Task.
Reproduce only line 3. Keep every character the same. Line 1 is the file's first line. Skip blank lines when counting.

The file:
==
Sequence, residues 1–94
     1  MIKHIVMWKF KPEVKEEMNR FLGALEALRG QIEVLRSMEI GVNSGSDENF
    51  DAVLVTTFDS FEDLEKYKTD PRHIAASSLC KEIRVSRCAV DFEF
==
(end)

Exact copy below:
    51  DAVLVTTFDS FEDLEKYKTD PRHIAASSLC KEIRVSRCAV DFEF